Company Notes Digest 5.1.15

Each week I read dozens of transcripts from earnings calls and presentations as part of my investment process. Below is a weekly post which contains some of the most important quotes about the economy and industry trends from those transcripts. Click here to receive these posts weekly via email.

The Macro Outlook:

Mastercard’s data shows that consumers aren’t spending their savings from lower gas prices

“I think what is happening is that consumers are only using a small portion of their savings from gas to buy new goods and services. Rather, what they are doing is using those savings from gas to increase their personal savings rate ” —Mastercard

Ajay Banga, Mastercard’s CEO, thinks consumption will rebound though

“I don’t see this as a long-term issue, actually, not even a medium-term issue…I think we’re going to look at a somewhat different pattern of consumer spending over the next three to six months just because underlying consumer sentiment is positive.” —Mastercard

Steve Wynn would appear to disagree

“If you were to ask me…what will the second quarter look like in Las Vegas? Weak. Do you hear me? Weak. So I’m trying to lower expectations here. This notion of a big recovery is a complete dream. I don’t think Las Vegas is experiencing a great recovery. I think it’s still very patchy and I think that that’s probably our non-casino revenue in the first quarter was flat. I’d be thrilled if it was flat in the second quarter.” —Wynn (Casinos)

Wynn’s CFO said that summer trends are not picking up like they did last year

“We’re starting to see summer trends not pick up the same way they did in previous year. So we’re paying very close attention to the market. And what we’re getting as indicators as far as the summer business but it does not seem as strong at this point as it was last year.” —Wynn

Consumers may be cautious, but businesses seem to be hitting their strides

Companies are focused on expanding again

“We see notable shift in the composition of demand as corporates focus now on expanding activities rather than right-sizing their portfolios.” —Jones Lang LaSalle (Commercial Real Estate Broker)

UPS saw B2B growth stronger than B2C for the first time in a long time

“For the first time in a very, very long time, our B2B growth was actually a bit stronger than our B2C” —UPS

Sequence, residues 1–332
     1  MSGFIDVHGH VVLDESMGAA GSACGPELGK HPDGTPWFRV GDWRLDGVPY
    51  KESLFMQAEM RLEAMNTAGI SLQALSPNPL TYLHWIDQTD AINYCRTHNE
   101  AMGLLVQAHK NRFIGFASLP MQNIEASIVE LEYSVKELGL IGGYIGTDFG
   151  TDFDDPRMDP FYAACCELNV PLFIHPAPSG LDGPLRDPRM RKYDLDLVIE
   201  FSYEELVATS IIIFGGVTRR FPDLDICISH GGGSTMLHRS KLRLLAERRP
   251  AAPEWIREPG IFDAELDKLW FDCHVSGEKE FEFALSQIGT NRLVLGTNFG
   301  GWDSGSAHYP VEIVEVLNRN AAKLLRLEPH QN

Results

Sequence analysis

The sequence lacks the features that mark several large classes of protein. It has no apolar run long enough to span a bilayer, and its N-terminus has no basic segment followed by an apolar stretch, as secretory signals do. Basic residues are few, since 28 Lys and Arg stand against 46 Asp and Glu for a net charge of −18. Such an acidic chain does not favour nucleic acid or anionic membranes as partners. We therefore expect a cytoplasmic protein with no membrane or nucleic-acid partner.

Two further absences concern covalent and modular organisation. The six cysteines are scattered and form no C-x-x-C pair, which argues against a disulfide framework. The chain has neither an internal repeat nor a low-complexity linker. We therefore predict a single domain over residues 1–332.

The construction market is strong in the US

“The construction market in the U.S. is continuing to strengthen and we are riding that wave.” —Graco (industrial equipment manufacturer)

However, there are also increasing signs of over-extension

Capital One sees auto loans starting to deteriorate

“In our auto business…Credit performance is gradually worsening in the industry and we see slightly higher losses on newer originations…we observed increasingly aggressive underwriting practices by some competitors, particularly in subprime. We are losing some contracts to competitors who are making more aggressive underwriting choices” —Capital One (Bank)

BB&T said that multifamily lending has become overheated

“we are being careful in multifamily. We think it is kind of peaking, and so we are being careful in underwriting and certainly in some markets we have really curtailed lending, because we think it is overheated.” —BB&T (Regional Bank)

Jones Lang LaSalle said that real estate investors are extending into tier 2 cities to try to squeeze extra return

“we’re seeing a lot of capital both domestic and particularly international trying to get into assets. And as we mentioned, the result is that investors are moving out along the risk curve somewhat into big cities, tier 2 cities, tier 2 properties, to find deals as well as a little extra return.” —Jones Lang LaSalle (CRE Broker)

The shadow banking system is popping up again to finance deals that regulated banks wont

“The big banks are feeling regulatory pressure on leverage transactions…that is why one of the reasons you’re seeing some of the big private equity firms put together credit, shadow banking credit opportunities” —Moelis and Co (Investment Bank)

Companies are scrambling to lock in office space before it becomes a tight market

“there’s a level of enhanced activity amongst the corporates to get space now while pricing is relatively attractive, space is available, and they’re not in a cycle where the landlords have control of the markets.” —Jones Lang LaSalle

Sellers have high expectations of price, but buyers are not willing or able to pay those values

“M&A activity is being driven by the seller, stock prices increased and sellers become confident that they can receive value for their company and M&A begins to pick up…Today, the seller’s expectations continue to be high, but we’re seeing a bit of mismatching terms of what buyers especially credit sensitive buyers are able and willing to pay.” —Moelis and Co  (Investment Bank)

If this isn’t a sign of consumer exuberance, then I don’t know what is: